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As Storm Paralyzes Much of Texas, Catholic Charities Shift Into Overdrive

Ice and snow blanket Dallas Feb. 15, 2021, leading to hazardous travel conditions and numerous power outages. (Photo: Jose S. Martinez/, via CNS)

NEW YORK— For almost a week, amid an historic winter storm that’s left much of Texas paralyzed and shut down, Father Pat O’Brien and others at St. Pius X Catholic Church in San Antonio have operated under a simple mantra: “Whatever the need is, we will be open.”

They’ve served as a warming center like a number of Catholic churches and agencies. They’ve offered breakfast, lunch and dinner since Tuesday; set up a private internet network for students and remote workers, boiled water and taken out sport equipment for kids to have fun in the gym.

“We’ve just been working on getting people warm and telling people to come,” Father O’Brien said.

As of Feb. 19, nearly 350,000 Texans were without power, down from almost three million the night before. In many parts of the state temperatures again fell below freezing.

To further complicate things, the severe weather jeopardized water drinking systems statewide. According to an Associated Press report, seven million people – a quarter of the population – are under orders to boil tap water before drinking it, as the low temperatures damaged infrastructure and pipes and made the water unreliable.

The food supply chain has also been disrupted. In a tweet Thursday, Bishop Daniel Flores of Brownsville granted his diocese a dispensation from abstinence of meat today, citing the struggles many in the diocese still face.

“Many families in the Diocese will have no other option except to eat what they have,” Bishop Flores said. “The law does not intend to add hardship to what is already a situation of great hardship for many. Those who can observe the discipline may, of course, do so. I suggest for intentions of those suffering at this time.”

Father Christopher Muñoz of Church of the Blessed Sacrament in San Antonio said while power is back in the community, they have very little water pressure. So, he said he keeps five gallon jugs in the church for anyone in need to fill up thermoses with.

Father O’Brien said everyone needs to be frugal and make sure they have water saved until the power grid is normalized. To help people out, St. Pius X boiled pots of water throughout the day so people don’t have to boil as much of their own.

“(The state) is asking them to keep their power down for the power grid so people are trying to be good,” Father O’Brien said. “We have big pots of water that we’ll boil so people can just come and get our boiled water and that way it saves them. We have the big commercial stoves so it’s a whole lot more efficient for us to boil it.”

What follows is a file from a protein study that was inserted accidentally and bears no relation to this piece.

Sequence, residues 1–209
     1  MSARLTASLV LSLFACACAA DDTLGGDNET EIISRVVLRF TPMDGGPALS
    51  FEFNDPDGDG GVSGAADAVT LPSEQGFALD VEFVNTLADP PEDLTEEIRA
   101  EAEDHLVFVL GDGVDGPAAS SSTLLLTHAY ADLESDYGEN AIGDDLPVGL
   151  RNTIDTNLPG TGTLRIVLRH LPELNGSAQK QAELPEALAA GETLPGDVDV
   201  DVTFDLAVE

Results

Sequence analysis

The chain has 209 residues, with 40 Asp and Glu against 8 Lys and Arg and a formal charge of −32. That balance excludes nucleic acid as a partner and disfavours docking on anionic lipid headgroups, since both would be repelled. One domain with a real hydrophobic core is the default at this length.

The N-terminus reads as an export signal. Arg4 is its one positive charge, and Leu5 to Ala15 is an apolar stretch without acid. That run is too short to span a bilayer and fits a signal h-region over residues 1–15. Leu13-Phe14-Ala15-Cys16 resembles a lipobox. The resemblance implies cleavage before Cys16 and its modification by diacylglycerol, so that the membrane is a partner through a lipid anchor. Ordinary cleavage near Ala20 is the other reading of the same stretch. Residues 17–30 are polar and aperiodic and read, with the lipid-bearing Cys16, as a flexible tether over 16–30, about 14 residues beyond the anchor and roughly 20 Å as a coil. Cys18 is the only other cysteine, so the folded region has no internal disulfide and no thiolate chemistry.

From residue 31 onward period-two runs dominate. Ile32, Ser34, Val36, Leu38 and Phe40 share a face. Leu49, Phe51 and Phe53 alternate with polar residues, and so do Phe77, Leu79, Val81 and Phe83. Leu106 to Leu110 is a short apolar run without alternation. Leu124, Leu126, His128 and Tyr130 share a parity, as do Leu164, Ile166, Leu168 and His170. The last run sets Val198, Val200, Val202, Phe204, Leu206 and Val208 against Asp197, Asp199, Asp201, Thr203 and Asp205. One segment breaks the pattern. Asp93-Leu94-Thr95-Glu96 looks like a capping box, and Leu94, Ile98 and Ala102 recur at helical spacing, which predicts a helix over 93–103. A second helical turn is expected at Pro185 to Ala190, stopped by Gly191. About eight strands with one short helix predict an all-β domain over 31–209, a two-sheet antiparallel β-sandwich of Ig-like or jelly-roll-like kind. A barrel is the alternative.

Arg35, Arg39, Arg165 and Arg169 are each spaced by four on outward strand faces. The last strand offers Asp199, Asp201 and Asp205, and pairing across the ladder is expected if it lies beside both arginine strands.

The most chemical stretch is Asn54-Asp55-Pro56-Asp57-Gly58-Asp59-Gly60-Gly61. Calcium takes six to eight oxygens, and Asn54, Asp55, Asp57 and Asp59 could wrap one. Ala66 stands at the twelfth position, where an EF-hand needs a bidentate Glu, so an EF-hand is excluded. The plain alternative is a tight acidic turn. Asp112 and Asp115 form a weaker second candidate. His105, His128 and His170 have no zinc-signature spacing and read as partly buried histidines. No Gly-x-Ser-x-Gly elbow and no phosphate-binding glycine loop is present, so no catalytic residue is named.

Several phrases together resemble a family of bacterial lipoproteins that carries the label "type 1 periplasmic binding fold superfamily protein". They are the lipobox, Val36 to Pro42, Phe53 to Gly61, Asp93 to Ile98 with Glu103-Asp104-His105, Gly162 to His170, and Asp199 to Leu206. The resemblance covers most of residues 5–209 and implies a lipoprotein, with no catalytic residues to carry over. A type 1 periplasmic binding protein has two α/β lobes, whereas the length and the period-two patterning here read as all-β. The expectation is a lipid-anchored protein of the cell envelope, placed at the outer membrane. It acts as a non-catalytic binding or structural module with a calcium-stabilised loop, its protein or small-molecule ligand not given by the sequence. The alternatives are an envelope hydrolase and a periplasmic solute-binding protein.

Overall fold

Down in the southern part of the state Catholic Charities of the Rio Grande Valley has done what they can to help the local McAllen community – where its Humanitarian Respite Center is located – and asylum seekers on both sides of the border.

In a call with reporters Feb. 18, Sister Norma Pimentel, the agencies executive director, said they “welcome local people that may need a space where to stay, to contact us and we will figure out what we can do to assist them.” They organized food drives and dropped off hot meals and baskets of food to certain locations that were hurting.

Sister Norma also emphasized that asylum seekers in Matamoros – across the border from Brownsville were still suffering from the extreme cold. On Feb.18, they sent truckloads of supplies to help people stay warm.

“People at the camp are still struggling,” she said. “We are continuously sending items like a blanket and sleeping bags but that’s not enough. We requested a lot of those hot water bags that they can put in their sleeping bag, or where they sleep to keep themselves warm and so we’ve received a lot of those.”

“[..] They need help because conditions are continuing to be very severe,” she added.

Like Catholic Charities of the Rio Grande Valley, St. Pius X and Church of the Blessed Sacrament have brought help to people in the community that can’t come to them.

Father Muñoz and Father Inna Gundreddy, the parochial vicar, have taken parishioners calls to go check on their family members.

Father O’Brien said people in the community with experience in the north have driven meals out to people stuck at home to go along with the core group of five leading efforts at the church.

“I’ve cleaned out my kitchen. I’ve cleaned out my freezer. A lot of us just cleaned everything out just to get the stuff done and we’re going to town. People have been very, very, very generous,” Father O’Brien told The Tablet.